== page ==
Parashat Yitro - February 18

יתרו Yitro

Exodus 18.1 — Exodus 20.26

Exodus 20.8-11: “Remember the sabbath day, to keep it holy. Six days you shall labor, and do all your work; but the seventh day is a sabbath to the Lord your God; in it you shall not do any work, you, or your son, or your daughter, your manservant, or your maidservant, or your cattle, or the sojourner who is within your gates; for in six days the Lord made heaven and earth, the sea, and all that is in them, and rested the seventh day; therefore the Lord blessed the sabbath day and hallowed it.”

In the old creation God rested and commanded complete rest on the seventh day. But the first was just a foreshadowing of the new creation (2 Corinthians 5.17). When Messiah died, he entered into a complete rest. This brought the old creation to a close, a fulfillment of the demands of the Sabbath rest. His resurrection was the first act of the new creation. The old creation was one of works; with the death of Jesus we have come into the rest from all of our works (Hebrews 4.1-11).

This does not mean that the physical bodies of believers no longer need regular daily and weekly rest. However, while the saints of Tanach times were seeking God’s spiritual rest, believers in the Messiah have entered into it.

Jewish tradition says that the Messiah will come when the Sabbath is kept perfectly. The Sabbath was the one day on which Messiah himself rested entirely, in the grave between his death and resurrection. He has thus fulfilled even that tradition; his resurrection followed immediately upon his having kept the Sabbath rest perfectly.

[BSI/rp]

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Haftarah: Isaiah 6.1—7.6; 9.6-7

 

Isaiah 6.1—7.6: The nation will reject the Messiah (Matthew 13.15).

 

Isaiah 9.6-7: The targum (Ps-Jonathan): “The prophet said to the house of David, ‘For to us a child is born, to a son is given; and he will accept the law upon himself to keep it, and his name will be called before the wonderful counselor, the mighty God, existing forever, ‘The messiah in whose days peace will increase upon us.’ Great pride will belong to those who perform the law, and for those who keep peace there will be no end, upon the throne of David and upon his kingdom, to establish it and to build it with judgment and with virtue from this time forth and forever. By the Memra of the Lord of hosts this will be done.” (translation of Bruce Chilton)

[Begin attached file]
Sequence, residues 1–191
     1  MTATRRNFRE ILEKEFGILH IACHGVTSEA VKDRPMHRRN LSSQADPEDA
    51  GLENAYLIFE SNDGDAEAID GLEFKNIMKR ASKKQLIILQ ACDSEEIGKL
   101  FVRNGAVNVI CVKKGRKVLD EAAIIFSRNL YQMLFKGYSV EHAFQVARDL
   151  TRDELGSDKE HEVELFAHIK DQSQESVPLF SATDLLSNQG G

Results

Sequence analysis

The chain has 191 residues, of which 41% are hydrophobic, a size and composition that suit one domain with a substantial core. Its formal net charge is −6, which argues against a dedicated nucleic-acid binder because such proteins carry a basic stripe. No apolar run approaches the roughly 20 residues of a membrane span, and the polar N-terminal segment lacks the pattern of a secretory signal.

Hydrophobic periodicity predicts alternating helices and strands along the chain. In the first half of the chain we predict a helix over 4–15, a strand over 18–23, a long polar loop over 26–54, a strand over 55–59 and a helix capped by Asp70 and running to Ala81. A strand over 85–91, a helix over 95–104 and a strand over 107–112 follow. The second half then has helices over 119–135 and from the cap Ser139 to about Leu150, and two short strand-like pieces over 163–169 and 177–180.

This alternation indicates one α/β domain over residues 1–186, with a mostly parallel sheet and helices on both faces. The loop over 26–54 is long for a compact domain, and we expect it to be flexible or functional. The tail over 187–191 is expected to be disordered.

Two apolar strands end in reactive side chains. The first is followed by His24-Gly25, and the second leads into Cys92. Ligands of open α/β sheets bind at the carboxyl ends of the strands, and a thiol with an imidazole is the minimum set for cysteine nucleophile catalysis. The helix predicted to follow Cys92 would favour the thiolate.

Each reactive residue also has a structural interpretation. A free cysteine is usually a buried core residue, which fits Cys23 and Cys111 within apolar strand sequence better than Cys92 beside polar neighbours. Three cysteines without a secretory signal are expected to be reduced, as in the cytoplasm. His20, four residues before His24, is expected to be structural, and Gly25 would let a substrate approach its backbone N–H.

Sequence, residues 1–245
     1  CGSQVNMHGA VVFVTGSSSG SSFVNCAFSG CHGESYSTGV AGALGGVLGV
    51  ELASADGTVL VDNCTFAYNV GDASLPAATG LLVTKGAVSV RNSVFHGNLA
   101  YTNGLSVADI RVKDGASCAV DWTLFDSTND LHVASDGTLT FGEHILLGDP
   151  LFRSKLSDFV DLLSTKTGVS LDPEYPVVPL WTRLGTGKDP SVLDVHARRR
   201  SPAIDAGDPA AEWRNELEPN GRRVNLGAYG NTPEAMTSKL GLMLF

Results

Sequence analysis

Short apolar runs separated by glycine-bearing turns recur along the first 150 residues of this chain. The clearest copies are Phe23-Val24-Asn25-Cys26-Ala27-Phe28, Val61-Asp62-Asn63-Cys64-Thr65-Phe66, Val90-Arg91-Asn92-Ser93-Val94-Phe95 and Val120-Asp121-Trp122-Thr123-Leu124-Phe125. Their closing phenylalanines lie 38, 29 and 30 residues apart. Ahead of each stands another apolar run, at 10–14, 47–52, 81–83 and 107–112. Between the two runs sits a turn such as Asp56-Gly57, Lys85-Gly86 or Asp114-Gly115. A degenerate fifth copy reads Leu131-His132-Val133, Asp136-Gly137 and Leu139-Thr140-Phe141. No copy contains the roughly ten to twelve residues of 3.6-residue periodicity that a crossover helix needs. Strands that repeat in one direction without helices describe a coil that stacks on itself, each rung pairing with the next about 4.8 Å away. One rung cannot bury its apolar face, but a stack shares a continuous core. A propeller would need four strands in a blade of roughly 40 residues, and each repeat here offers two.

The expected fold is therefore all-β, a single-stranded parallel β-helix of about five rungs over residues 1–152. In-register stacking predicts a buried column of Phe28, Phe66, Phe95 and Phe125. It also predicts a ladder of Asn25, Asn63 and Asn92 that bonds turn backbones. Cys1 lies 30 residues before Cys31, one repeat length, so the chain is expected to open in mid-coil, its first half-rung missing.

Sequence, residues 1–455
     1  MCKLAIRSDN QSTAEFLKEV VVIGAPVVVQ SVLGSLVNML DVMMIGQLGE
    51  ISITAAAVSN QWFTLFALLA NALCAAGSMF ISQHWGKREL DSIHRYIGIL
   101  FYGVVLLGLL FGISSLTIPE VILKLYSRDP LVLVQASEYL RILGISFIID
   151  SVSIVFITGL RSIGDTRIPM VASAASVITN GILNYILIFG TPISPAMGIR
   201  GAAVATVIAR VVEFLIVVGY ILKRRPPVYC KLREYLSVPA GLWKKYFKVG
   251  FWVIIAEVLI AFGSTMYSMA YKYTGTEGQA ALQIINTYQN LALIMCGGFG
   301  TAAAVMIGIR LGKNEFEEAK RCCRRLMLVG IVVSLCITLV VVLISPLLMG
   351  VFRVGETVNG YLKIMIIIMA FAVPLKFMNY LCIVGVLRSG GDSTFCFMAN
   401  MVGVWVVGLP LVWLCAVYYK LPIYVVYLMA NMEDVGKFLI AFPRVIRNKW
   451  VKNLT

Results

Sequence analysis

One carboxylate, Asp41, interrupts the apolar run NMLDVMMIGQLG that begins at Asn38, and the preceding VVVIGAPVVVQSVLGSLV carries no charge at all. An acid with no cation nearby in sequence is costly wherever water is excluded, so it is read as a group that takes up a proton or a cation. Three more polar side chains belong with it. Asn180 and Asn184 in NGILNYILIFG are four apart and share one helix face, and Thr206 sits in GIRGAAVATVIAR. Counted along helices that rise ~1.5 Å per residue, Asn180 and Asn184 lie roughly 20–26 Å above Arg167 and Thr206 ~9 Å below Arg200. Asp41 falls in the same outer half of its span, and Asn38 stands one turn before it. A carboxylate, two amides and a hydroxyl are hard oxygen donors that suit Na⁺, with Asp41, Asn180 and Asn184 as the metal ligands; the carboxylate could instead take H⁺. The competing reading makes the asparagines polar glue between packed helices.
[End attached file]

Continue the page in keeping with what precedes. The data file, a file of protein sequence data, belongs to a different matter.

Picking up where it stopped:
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Rabbi Samuel, the son of Nachman, said: “When Esau met Jacob, he said to him: ‘My brother Jacob, let us walk together in this world.’ Jacob replied: ‘Let my lord, I pray thee, pass over before his servant’ (Genesis 33.14). What is the meaning of ‘I pray thee, pass over’? Jacob said to him: ‘I have yet to supply the King Messiah, of whom it is said, “Unto us a child is born.”’” (Midrash Deuteronomy 1, 20 [on chap. 11.4])

[BP]

Isaiah 9.6: Rabbi Eliezer of Worms says this about the Wonderful Messiah:

“’And his name shall be called Wonderful Counselor …’ No man calls his son God, and therefore it is the Holy One, blessed be he, who names the boy God and Mighty. All these names refer to an event called ‘Wonderful Counselor,’ since ‘you have done wonderful things; your counsels of old are faithfulness and truth’ (Isaiah 25.1); ‘Behold, I will again do a marvelous work among this people, a marvelous work and a wonder’ (Isaiah 29.14)” (Sefer HaShem 158). [TS]

Isaiah 9.7: In this verse the first word, “lemarbeh,” is written with form of the letter mem that normally comes only at the end of a word. This was thought to have messianic meaning. “Bar Kapara expounded at Sepphoris: Why is the word ‘the increase,’ written with a closed mem, and not with the usual mem? The Holy One, blessed be he! wished to make Hezekiah the Messiah, and Sennacherib Gog and Magog. But the attribute of judgment pleaded against it, and said, ‘David the king of Israel repeated so many songs and praises, and you have not made him the Messiah; and yet you are thinking of making Hezekiah the Messiah, for whose sake so many miracles have been performed, and who, nevertheless, has not repeated one song of praise! So that counsel was closed (and hence the closed mem).” (Sanhedrin, 94a)

Shabbat Shalom!

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